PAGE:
Daughter of Chinese official bent on proving her designer handbags are knock-offs to quash public rage
September 30, 2011Jing Gao4 CommentsCounterfeit, display of wealth, fashion, flaunthing wealth, hatred for the rich, Hermes, human flesh search engine, income disparity, inequality, Internet debate, knock-off, Louis Vuitton, luxury, luxury goods, Taobao, You Chenghua, You Yixi
A user “Little Xixi Xi” achieved a certain notoriety and triggered the powerful human flesh search engine on Sina Weibo, after she posted a photo of herself carrying a Louis Vuitton bag on one hand, and a Hermes Birkin bag on the other.
Flaunting wealth is tantamount to playing with fire in the country, where income disparity and the ever-widening gap between the rich and the poor as a result of corruption and systemic flaws has become a hot button. Human flesh search engine, a collective effort by a mob of hysterical Internet vigilantes determined to identify people they deem morally degenerate or relevant to scandals, often comes into play.
In this case, they found that the real name of “Little Xixi Xi” is You Yixi. Her father is You Chenghua, the deputy chief of Jinping County, Guizhou province. A net user who sounds like an insider even said, “She now goes to college in Guiyang (Jing: capital city of Guizhou province), and often buys luxury goods. She plunks down at least several thousand yuan at a time, and often tens of thousand.”
You Yixi’s father You Chenghua at top right.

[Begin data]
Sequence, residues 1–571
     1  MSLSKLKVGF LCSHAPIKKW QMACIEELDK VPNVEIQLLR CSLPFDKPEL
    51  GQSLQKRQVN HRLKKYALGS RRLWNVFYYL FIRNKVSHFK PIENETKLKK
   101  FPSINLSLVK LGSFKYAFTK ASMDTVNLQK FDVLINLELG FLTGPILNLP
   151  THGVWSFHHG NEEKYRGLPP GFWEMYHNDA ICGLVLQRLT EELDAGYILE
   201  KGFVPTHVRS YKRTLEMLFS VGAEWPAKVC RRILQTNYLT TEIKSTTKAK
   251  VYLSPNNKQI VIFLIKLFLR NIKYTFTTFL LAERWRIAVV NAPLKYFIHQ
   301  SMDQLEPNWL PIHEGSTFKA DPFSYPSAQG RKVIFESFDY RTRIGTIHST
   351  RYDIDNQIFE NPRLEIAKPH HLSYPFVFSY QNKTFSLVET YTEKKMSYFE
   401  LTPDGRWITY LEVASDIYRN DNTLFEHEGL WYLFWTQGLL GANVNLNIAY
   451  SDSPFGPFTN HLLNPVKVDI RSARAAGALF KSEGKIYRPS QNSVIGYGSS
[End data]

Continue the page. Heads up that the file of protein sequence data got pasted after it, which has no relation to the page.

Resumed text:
This raised a red flag. Users on Weibo shared the notorious photo in a fit of anger, often with emotional comments such as “Let’s dig it out,” and “Can’t afford to mess with the second generation of officials!” Almost everyone is more than happy to believe that her sumptuous lifestyle is the result of the corruption permeating the Chinese officialdom, which her father is a part of.
Screenshots of You Yixi’s orders on Taobao.
Embarrassed by the scandal and eager to repudiate it, the Commission of Discipline Inspection at a higher level stepped in. You Chenghua, called to account by his daughter’s behavior, also accepted interviews with several Chinese newspapers. He asserted that the designer handbags her daughter showed off were fake and bought from Taobao.com, China’s largest online shopping service. The commission reached the same conclusion after they looked into the case.
Netizens found some of the father’s quotes, sincere as they sound, surreal and amusing. That’s when they began to circulate his remarks on Sina Weibo.
“I am a person of very low profile. I am upright and honest with my work, and very strict with my child(ren). All my colleagues know my conduct.”
“I came from the army. I have been always very demanding with my kid. I can’t possibly spend over 10,000 yuan (US$1,550) on buying a handbag for my daughter.”
“She goes to college. We give her a monthly allowance of 800 yuan (US$123) per month…She is very thrifty. Sometimes she would complain to me, ‘Watching her classmates eating yummy stuff gives her craving for it too.’”